Now that we’re in the prime heating season, homeowners are looking for ways to maximize their energy use and money in their pockets. In this edition of Under the Lens, we examine one common practice and how it may not be as effective as you think: closing vents in unused rooms.
Back in the day when homes were heated by wood or — gasp! — coal, closing off rooms was almost always a smart move. The heat for the house came from one centrally-located stove, and the goal was to keep as much of the heat as possible concentrated in specific areas. Today’s modern systems are different; while the heat is still generated in one spot (your furnace), it’s piped directly through your ducts to each room. Since there is usually only one system, or “zone,” in the house, blocking vents in one room impacts how the entire system works.
So what’s the problem with closing off vents? Since your heating system is designed to operate at a certain level, shutting down some pathways increases the air pressure in the ducts. This leads to more hot air being wasted, as it escapes through leaks in the system. As more vents are closed, the pressure gets higher and even more heat is wasted. (It’s also worth noting that if you close off a large number of vents and the pressure gets too high, your furnace can start to overheat – causing a safety concern, and potentially damaging your equipment.)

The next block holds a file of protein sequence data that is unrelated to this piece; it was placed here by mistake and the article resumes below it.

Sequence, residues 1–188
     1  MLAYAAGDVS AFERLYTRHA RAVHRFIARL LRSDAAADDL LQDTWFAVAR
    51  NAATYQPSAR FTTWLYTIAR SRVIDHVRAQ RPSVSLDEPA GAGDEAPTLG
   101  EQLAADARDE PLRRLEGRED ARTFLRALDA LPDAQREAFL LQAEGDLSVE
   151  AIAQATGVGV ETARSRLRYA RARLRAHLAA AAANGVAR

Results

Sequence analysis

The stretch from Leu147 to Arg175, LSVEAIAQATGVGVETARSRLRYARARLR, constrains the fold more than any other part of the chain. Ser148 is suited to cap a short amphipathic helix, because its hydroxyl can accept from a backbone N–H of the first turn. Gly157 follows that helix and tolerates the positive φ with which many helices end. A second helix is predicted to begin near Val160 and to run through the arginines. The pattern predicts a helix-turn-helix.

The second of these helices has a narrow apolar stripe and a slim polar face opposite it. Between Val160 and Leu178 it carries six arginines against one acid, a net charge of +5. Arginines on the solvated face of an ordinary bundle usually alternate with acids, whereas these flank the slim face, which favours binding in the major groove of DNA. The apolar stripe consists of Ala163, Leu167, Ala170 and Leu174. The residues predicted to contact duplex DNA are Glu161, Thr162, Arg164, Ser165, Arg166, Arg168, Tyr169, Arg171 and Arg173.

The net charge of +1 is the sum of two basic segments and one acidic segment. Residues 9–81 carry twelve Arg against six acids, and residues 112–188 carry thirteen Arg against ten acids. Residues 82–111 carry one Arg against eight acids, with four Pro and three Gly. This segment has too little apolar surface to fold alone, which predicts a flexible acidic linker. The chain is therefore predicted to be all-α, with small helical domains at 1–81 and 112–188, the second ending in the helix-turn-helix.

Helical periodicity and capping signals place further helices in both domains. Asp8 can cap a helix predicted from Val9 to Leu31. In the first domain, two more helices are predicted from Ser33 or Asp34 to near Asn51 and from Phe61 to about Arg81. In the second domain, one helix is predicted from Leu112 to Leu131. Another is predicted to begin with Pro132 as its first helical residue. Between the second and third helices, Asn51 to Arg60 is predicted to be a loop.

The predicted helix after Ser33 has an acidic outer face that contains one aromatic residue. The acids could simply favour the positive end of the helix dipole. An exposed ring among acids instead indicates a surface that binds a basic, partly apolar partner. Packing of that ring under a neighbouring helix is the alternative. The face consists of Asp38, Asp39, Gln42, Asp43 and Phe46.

What that means is that instead of saving on your heating bills, you could actually be using the same – if not more – energy than before. This may seem counterintuitive, even false, but research out of the Lawrence Berkeley National Laboratory backs it up.
Here are energy-saving best practices for winter:
- Install (and use) a programmable thermostat. When asleep or away from home, turning back your thermostat 10°–15° for eight hours can save up to 10% a year on heating and cooling bills.
- Replace your furnace’s air filter. A dirty filter restricts air flow, which forces your furnace to work harder and use more energy.
- Have a professional fix leaks and insulate your duct system. According to the U.S. Department of Energy, typical systems lose 25-40% of the energy put out by a central furnace, heat pump, or air conditioner.
- Open curtains on south-facing windows during the day to allow sunlight to heat your home, and close them at night to keep the heat in.
- Turn down your water heater’s temperatue. Water heating can account for 14%-25% of the energy consumed in your home.
- Speaking of hot water, insulate accessible hot water pipes, especially those close to your water heater. For tips, visit energysavers.gov and search “insulate hot water pipes.”
By Tyson Cook, Staff Scientist